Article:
November 17, 2011: UNH 18th Century Interdisciplinary Lecture: "The Unsustainable Countryside in Jane Austen's Mansfield Park"
UNH 18th Century Interdisciplinary Seminar presents:
'How very wonderful the operations of time': The Unsustainable Countryside in Jane Austen’s Mansfield Park"
Date: Thursday, November 17th
Time: 4:00 p.m.
Location: Hamilton Smith Hall, room 101
Mansfield Park, more than any other of Austen's novels, makes us acutely aware of the passing of the seasons, and of the normative weather conditions in southeastern England at the end of the Little Ice Age (c. 1350-1850)—a period of shorter springs and growing seasons, longer winters, and often abrupt and violent shifts in weather patterns across northwestern Europe. The widespread perception during Austen’s lifetime that the climate of the British Isles was unstable and prone to abrupt shifts and dislocations encourages us to think about the ways in which the novel’s vision of Nature both resists and responds to the specific climatological conditions of the early nineteenth century. More broadly, literary texts, such as Mansfield Park, can be seen as invaluable resources for exploring how climatic variability shaped perceptions of nature, society, and self during the last years of the Little Ice Age.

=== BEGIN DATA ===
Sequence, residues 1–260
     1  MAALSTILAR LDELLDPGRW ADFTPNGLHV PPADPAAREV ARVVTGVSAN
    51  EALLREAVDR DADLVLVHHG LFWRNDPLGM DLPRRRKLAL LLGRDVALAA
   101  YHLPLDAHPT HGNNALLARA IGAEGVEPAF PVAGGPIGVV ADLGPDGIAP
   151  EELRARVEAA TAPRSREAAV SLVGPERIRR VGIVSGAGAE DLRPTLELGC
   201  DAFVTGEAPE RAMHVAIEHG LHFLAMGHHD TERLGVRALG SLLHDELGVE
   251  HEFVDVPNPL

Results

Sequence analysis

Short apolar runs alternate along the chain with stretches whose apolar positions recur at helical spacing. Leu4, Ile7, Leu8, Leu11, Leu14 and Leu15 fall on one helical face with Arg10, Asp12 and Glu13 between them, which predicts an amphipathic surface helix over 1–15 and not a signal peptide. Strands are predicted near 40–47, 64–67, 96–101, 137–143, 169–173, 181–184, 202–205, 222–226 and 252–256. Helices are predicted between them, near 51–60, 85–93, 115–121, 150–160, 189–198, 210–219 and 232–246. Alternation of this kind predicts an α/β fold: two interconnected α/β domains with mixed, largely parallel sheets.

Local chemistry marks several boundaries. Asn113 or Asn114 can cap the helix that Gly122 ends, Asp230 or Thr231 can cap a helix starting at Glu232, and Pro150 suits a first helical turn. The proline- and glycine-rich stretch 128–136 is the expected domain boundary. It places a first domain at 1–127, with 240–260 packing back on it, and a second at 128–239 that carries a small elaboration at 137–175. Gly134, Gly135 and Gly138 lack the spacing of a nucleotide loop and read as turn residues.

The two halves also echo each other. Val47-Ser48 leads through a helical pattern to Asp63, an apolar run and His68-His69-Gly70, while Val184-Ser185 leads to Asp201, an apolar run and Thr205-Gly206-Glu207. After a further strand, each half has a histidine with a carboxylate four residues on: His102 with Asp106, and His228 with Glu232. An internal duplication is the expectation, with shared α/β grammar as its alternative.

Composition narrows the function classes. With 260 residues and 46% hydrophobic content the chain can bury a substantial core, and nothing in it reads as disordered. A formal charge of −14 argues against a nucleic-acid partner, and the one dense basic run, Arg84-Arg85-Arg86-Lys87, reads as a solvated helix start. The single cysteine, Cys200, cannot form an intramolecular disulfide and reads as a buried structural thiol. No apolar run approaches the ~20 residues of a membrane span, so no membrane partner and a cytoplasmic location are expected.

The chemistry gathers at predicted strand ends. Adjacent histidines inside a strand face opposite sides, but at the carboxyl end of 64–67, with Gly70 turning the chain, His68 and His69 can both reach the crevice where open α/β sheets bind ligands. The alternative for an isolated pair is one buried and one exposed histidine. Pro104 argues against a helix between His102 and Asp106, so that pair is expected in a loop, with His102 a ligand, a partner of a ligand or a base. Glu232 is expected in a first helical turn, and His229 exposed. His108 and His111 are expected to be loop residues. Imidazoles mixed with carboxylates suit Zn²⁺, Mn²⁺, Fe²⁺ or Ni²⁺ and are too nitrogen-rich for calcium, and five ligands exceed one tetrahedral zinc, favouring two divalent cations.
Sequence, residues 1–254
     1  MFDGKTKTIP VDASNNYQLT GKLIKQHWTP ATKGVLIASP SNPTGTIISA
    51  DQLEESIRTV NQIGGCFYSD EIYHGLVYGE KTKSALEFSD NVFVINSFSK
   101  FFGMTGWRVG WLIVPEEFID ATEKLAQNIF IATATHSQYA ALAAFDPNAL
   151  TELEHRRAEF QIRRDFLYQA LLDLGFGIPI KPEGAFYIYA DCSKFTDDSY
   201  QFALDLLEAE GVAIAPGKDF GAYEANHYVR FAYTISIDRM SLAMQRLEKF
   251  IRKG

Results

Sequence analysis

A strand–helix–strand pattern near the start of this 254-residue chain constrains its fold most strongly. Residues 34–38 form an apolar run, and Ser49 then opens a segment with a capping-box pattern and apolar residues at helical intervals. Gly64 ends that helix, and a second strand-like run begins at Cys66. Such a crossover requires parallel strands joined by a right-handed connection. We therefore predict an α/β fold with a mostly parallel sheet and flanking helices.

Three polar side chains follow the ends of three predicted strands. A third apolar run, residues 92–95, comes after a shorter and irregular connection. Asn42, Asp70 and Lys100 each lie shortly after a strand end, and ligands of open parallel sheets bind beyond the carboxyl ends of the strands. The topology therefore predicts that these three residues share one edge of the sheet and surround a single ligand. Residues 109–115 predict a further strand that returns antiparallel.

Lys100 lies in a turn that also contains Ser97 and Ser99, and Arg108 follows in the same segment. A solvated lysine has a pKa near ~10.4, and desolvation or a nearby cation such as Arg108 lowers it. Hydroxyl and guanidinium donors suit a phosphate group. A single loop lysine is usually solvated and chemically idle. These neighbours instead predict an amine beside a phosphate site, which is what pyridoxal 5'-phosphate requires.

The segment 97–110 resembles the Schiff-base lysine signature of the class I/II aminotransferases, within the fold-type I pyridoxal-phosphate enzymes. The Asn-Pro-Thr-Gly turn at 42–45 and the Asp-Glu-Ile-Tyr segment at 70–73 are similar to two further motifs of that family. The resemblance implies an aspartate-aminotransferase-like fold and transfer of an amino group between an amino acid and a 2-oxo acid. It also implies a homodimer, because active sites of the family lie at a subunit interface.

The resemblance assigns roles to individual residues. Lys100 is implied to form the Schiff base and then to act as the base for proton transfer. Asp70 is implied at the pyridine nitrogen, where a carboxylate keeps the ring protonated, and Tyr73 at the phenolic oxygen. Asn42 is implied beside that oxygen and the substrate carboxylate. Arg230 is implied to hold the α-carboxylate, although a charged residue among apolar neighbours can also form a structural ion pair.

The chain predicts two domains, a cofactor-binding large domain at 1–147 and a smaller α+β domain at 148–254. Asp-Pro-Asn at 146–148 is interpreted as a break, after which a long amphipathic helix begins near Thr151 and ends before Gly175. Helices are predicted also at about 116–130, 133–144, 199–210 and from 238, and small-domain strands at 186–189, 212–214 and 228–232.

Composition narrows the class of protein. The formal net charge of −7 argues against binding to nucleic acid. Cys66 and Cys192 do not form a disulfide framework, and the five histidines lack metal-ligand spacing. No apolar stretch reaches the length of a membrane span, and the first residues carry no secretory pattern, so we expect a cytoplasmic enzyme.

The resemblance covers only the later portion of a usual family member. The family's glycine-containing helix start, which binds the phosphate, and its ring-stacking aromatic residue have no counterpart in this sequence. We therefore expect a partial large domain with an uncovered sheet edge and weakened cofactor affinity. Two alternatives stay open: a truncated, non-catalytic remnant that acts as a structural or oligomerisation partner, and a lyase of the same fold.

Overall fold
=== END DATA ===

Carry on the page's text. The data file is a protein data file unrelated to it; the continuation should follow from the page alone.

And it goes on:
Robert Markley is W. D. and Sara E. Trowbridge Professor of English at the University of Illinois and editor of the interdisciplinary journal, The Eighteenth Century: Theory and Interpretation. The author of more than eighty articles in eighteenth-century studies, science studies, and new media, his books include Two-Edg'd Weapons: Style and Ideology in the Comedies of Etherege, Wycherley, and Congreve (Oxford UP, 1988), Crises of Representation in Newtonian England, 1660-1740 (Cornell UP, 1993), Virtual Realities and Their Discontents (ed., Johns Hopkins UP, 1996), Dying Planet: Mars in Science and the Imagination (Duke UP, 2005), and The Far East and the English Imagination, 1600-1730 (Cambridge UP, 2006). He has held fellowships from the NEH, the Society for the Humanities at Cornell, and the Huntington, Clark, and Beinecke Libraries. He is currently completing a book on climate and culture during the Little Ice Age (c 1450-1800).
This event is free and open to the public. Please contact the UNH English Department for more information about this event: (603) 862-1313.